• The end for one of Cambodia's few remaining independent newspapers. Holly Robertson details the end for The Cambodia Daily, which she writes, "could have been mistaken for a community pamphlet, with its flimsy, letter-size pages. But the understated format belied the journalistic rigor and strident reporting of the paper, which on Monday produced a defiant final lead headline amid a crackdown on the media, non-governmental organizations, and the leading opposition party in Cambodia…" (Columbia Journalism Review)
  • New report highlights challenges to open data in Africa. "According to the inaugural Africa Data Revolution Report (ADRR), there is minimal or non-existent collaborations among data communities regarding the Sustainable Development Goals (SDGs) and Africa's Agenda 2063." (SciDevNet) Our take? Making public information available and accessible to the public should be a priority everywhere.

save the dates

  • September 11th and 12th: Civic Tech Fest and TicTec@Taipei in Taipei. "TICTeC@Taipei is the first ever conference about the influence of civic tech to be held in Asia. We’ve invited members of academia, business, politics, NGOs, education to participate, and discuss their research. We hope through this event, we can build a global network of civic tech enthusiasts." The event is being held during #CivicTechFest 2017. The agenda is up now and you can still get tickets here!
  • September 13th: Civic and Gov Tech Showcase in San Jose, California. "Innovate Your State, in partnership with Microsoft and the City of San Jose, is bringing the 3nd Annual Civic & Gov Tech Showcase to the Capitol of Silicon Valley. The Civic & Gov Tech Showcase is an opportunity to connect with civic minded entrepreneurs, potential investors, and government leaders to showcase the great work that is being done to improve government and governance. The goal of the event is to encourage collaboration and the support of new technologies to improve government and public participation." Learn more and get your tickets here.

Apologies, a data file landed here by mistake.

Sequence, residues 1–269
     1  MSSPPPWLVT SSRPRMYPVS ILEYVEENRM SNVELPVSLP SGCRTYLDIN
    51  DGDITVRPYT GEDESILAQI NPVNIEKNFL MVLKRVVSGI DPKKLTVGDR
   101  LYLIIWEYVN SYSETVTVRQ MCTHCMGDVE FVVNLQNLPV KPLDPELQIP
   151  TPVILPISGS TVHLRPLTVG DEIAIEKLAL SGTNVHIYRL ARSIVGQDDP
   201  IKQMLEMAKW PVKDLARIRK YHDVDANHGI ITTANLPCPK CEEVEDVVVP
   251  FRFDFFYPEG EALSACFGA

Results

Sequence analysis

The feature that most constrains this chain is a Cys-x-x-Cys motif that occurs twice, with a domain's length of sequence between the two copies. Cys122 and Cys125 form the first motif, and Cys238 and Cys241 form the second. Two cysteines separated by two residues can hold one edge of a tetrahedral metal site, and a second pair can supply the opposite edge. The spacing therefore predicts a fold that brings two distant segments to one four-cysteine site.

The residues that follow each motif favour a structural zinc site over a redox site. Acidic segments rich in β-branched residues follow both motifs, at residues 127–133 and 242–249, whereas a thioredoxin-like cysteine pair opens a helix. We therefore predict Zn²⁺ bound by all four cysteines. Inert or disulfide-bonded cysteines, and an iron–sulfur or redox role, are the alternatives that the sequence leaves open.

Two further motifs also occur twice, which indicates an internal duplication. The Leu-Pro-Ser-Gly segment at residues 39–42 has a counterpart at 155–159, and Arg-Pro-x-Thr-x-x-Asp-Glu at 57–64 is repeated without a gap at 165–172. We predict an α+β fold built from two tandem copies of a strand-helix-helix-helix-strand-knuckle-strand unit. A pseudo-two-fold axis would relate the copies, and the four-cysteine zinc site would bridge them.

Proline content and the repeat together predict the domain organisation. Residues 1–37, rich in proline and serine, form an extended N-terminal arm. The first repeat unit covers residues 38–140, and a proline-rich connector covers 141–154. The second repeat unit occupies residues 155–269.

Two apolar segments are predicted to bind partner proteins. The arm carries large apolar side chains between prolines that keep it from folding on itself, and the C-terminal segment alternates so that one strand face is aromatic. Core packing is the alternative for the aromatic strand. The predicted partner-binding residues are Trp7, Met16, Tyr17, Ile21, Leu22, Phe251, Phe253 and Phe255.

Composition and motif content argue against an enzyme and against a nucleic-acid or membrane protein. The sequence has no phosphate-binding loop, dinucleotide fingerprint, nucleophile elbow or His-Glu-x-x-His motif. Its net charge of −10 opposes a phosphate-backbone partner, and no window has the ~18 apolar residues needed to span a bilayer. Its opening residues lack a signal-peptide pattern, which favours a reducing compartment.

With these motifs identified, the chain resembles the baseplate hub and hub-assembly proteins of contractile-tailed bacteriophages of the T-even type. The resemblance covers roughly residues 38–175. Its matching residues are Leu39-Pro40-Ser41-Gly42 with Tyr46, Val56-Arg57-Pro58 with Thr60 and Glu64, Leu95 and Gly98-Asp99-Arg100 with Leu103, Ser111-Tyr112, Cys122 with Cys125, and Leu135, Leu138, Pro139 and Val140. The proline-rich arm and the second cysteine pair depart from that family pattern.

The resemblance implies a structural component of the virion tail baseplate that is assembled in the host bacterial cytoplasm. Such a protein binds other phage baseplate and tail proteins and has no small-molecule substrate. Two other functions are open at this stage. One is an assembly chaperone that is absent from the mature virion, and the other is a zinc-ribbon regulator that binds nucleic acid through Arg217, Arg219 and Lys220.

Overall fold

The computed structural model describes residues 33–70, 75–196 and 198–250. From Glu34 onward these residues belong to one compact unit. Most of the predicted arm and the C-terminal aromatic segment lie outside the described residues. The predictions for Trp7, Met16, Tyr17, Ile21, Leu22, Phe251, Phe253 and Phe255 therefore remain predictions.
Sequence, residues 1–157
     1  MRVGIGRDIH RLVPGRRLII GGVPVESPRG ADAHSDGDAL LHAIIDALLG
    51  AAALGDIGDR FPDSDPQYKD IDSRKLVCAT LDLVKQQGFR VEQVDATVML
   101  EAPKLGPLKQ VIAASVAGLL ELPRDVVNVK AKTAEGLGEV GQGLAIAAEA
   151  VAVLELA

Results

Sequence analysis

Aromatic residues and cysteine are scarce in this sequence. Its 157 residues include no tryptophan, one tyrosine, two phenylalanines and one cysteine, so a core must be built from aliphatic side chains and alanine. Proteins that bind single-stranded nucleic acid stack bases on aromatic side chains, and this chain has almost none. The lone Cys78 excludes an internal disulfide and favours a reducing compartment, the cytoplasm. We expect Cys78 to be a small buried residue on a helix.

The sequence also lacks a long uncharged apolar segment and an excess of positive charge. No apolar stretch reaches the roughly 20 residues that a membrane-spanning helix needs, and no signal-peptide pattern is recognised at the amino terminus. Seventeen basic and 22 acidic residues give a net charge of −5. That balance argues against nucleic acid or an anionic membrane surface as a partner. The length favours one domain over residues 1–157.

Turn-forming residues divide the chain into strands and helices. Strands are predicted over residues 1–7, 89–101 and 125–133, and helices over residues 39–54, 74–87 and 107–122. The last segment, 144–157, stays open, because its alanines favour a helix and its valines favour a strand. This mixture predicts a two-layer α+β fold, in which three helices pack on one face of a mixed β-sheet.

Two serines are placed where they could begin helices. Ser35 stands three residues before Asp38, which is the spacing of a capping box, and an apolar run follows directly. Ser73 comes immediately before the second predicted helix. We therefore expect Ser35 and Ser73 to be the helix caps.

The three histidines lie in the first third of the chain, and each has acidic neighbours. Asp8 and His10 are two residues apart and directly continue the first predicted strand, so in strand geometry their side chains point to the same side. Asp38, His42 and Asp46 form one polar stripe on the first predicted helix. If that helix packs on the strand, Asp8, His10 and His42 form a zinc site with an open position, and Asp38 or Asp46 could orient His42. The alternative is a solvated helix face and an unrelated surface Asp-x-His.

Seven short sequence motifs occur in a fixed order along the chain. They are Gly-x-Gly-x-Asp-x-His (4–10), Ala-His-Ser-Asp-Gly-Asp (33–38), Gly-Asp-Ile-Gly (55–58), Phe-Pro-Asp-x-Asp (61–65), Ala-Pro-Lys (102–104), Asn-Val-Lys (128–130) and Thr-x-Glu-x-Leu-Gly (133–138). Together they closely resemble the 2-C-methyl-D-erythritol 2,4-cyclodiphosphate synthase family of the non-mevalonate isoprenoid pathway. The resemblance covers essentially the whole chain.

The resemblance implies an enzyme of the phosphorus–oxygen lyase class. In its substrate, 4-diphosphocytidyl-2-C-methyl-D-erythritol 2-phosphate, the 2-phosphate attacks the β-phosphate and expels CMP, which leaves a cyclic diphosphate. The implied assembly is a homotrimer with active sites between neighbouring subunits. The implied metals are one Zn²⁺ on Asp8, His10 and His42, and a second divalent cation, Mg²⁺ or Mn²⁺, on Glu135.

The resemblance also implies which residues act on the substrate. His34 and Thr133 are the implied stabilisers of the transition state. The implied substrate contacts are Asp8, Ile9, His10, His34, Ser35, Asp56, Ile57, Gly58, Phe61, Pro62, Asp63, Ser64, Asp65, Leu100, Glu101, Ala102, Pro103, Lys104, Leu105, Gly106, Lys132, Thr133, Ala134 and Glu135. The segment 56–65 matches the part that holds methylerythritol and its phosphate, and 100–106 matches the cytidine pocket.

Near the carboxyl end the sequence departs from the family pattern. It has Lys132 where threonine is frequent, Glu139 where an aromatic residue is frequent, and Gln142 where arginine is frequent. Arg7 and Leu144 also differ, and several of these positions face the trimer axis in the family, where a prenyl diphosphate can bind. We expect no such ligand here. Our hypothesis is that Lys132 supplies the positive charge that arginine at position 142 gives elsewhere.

• September 14th – 16th: Digital Humanities and Data Journalism Symposium, in Miami, Florida. "Digital humanists and data journalists face common challenges, opportunities, and goals, such as how to communicate effectively with the public. They use similar software tools, programming languages, and techniques, and they can learn from each other. Join us for lectures and tutorials about shared data types, visualization methods, and data communication — including text visualization, network diagrams, maps, databases and data wrangling. In addition to the scheduled content, there will be opportunities for casual conversation and networking." Learn more and register here.
  • September 26th: Data Transparency 2017, in Washington, DC. Hosted by the Data Foundation, "Data Transparency 2017 is Washington's largest open data event, bringing together government leaders, transparency advocates, and the technology industry to explore how technology can transform government, compliance, and the private sector." Learn more and get your tickets here.
  • September 28th: Powering Sustainable Development with Access to Information, Paris, France. "The 'IPDCtalks' will be held to highlight and elaborate on the importance of Access to Information for all sustainable development efforts around the world. It will consist of a series of attractive and dynamic talks from global public leaders, top journalists, young intellectuals and community leaders. While some of the speakers will elaborate on the key role of Access to Information for the achievement of a particular Sustainable Development Goal, others will reflect on the essential role of Access to Information for our society and future." You can learn more on the event website. If you're interested, but can't attend the event will be broadcast live on the web.
  • October 13th – 14th: 2017 FOI Summit, Nashville, Tennessee. "Music City USA becomes home for NFOIC, state FOI coalitions and open government advocates for the 2017 FOI Summit on Friday and Saturday, October 13-14, 2017.The National Freedom of Information Coalition (NFOIC) and our host, the Tennessee Coalition for Open Government will convene the annual summit at the First Amendment Center at Vanderbilt University." You can learn more and register here